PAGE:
Some Basic Knowledge of Plastic Fiber Cables

Plastic fiber cables have the highest attenuation over short distances, but thet come at the lowest cost. A plastic fiber optic cable has a plastic core and plastic cladding. It is also quite thick, with typical core/cladding diameters of 480/500, 735/750, and 980/1000 u. The core generally consists of polymethylmethacrylate (PMMA) coated with a fluropolymer. Plastic fiber optic cables are used in small optical devices, lighting applciations, automobiles, music systems, and other electronic systems. The cables are also used in communication systems where high bandwidth or low loss are not a concern. The increased interest in plastic optic fiber is due to two reasons: (1) the higher attenuation relative to glass, which may not be a serious obstacle with the short cable runs often required in premise networks; and (2) the cost advantage, which appeals to network architects faced with budget decisions. Plastic Optical Fiber Cable do, however, have a problem with flammability. Because of this, they are run through a plenum. Otherwise, plastic fiber is considered extremely rugged, with a tight bend radius and the ability to withstand mechanical stress.

Plastic clad silica (PCS) fiber optic cable has an attenuation-and cost-that lie between those of glass and plastic. Plastic clad silica (PCS) has a glass core that is often made of vitreous silica; the cladding is often plastic, ususally a silicone elastomer with a lower refractive index. In 1984, the International Electrotechnical Commission (IEC´╝ëstandardized PCS fiber optic cable to have the following dimensions: a core of 200 u, a silicone elastomer cladding 380 of microns, and a jacket of 600 u.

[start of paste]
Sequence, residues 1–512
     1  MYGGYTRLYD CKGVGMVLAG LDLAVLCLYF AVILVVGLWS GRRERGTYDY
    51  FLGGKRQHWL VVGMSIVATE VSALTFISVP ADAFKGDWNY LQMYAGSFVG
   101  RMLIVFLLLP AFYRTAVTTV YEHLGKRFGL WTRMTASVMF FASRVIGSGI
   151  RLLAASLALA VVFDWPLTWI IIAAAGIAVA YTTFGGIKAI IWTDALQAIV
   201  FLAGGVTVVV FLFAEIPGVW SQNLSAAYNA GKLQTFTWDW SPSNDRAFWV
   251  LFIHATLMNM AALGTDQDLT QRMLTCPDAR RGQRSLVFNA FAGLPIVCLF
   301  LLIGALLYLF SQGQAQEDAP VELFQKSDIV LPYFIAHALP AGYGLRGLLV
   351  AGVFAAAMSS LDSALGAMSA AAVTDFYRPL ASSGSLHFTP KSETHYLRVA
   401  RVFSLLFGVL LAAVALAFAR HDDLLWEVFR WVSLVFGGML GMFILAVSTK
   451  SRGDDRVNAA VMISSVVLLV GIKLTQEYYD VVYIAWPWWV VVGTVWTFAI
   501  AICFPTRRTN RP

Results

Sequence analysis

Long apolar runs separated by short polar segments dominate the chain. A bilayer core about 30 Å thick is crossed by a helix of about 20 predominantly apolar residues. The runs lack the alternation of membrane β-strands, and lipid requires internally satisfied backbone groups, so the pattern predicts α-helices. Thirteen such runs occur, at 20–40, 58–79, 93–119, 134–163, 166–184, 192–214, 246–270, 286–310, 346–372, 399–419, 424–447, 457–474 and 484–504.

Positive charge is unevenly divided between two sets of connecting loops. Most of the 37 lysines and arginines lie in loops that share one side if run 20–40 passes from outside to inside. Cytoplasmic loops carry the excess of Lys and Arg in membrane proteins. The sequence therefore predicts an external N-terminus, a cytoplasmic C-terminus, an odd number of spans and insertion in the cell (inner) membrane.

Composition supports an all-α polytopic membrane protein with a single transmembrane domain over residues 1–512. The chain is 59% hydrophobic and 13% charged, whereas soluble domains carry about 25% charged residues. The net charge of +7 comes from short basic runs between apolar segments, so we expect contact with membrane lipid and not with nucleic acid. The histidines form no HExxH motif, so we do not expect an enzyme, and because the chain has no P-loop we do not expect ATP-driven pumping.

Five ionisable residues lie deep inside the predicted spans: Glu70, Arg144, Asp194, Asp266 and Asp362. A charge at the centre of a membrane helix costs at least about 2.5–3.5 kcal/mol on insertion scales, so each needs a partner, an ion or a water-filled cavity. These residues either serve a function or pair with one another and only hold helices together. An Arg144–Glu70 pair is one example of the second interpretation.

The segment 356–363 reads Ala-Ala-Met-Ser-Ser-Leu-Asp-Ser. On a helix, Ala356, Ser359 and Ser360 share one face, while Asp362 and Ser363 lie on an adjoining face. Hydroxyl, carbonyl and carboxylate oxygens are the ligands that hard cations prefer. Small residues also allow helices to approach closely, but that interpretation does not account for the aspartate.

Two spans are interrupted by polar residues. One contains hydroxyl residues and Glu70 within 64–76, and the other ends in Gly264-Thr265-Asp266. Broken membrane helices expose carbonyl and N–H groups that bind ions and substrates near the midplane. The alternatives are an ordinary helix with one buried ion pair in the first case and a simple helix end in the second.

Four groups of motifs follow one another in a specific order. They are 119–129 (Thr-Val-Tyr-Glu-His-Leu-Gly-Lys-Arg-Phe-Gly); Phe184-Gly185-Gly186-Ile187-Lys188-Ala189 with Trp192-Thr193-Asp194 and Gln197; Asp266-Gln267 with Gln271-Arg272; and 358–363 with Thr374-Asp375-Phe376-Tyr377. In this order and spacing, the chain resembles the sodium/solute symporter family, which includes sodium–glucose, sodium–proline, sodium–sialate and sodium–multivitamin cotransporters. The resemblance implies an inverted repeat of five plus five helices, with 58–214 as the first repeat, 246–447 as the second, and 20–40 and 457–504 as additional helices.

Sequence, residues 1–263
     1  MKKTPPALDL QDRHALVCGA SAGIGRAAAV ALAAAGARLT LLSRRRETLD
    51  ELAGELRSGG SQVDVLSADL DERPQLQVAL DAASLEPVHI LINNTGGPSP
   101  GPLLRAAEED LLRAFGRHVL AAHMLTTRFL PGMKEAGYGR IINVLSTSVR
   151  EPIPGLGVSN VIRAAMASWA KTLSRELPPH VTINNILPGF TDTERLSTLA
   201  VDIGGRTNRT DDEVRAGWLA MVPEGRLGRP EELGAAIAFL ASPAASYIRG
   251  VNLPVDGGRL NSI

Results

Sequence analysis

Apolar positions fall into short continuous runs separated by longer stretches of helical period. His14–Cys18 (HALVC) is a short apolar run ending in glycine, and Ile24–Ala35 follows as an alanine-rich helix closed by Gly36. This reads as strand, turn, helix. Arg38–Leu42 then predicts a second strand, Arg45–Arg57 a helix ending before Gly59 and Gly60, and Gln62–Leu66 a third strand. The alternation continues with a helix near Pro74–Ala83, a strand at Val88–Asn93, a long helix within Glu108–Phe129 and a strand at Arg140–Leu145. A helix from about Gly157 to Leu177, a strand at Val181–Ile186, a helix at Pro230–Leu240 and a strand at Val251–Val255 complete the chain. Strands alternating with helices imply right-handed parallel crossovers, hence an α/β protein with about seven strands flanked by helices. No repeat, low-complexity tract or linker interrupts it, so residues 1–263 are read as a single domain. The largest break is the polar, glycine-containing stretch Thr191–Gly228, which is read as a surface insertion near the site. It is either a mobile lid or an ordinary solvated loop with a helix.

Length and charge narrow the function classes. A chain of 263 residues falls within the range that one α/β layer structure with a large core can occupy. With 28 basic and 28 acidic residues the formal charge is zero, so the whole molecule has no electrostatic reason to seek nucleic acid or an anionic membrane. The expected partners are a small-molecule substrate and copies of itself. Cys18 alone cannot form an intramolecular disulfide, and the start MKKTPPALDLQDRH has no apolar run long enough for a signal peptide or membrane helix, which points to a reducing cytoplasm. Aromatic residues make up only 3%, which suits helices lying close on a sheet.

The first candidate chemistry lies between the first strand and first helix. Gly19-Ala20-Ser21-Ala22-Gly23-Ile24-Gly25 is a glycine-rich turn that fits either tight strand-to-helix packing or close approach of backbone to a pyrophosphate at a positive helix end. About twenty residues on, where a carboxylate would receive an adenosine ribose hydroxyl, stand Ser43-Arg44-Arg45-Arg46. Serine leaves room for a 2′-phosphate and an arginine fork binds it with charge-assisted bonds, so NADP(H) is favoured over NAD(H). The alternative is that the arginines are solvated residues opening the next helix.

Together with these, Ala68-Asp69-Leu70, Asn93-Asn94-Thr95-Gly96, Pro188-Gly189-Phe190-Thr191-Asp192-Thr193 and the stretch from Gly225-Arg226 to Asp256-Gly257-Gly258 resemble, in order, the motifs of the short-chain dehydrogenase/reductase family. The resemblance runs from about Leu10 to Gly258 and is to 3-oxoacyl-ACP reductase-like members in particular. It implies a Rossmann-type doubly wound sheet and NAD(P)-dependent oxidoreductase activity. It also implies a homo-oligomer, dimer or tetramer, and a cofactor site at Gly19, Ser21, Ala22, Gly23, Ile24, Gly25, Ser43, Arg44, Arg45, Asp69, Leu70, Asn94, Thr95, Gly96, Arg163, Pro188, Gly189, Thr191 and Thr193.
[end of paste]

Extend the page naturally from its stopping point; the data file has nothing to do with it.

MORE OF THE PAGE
Plastic fiber cables are fabricated using the same principles as glass fiber cables. A core with a higher index of refraction is surrounded by a cladding with a lower index of refraction. The cladding is then coated with a coloured jacket for coding purpsoes; glass and plastic cables are similary colour coded. POF cables are available in single- and multi-step index, as well as graded index.

Recent developments in the polymer industry have led to improvements in plastic fiber optic cables, Plastic fiber cables will envetually replace glass fiber cables because of their many advantages, including their ease in connection using epoxy as well as their lower price, durability, lower weight, and smaller bending radii.

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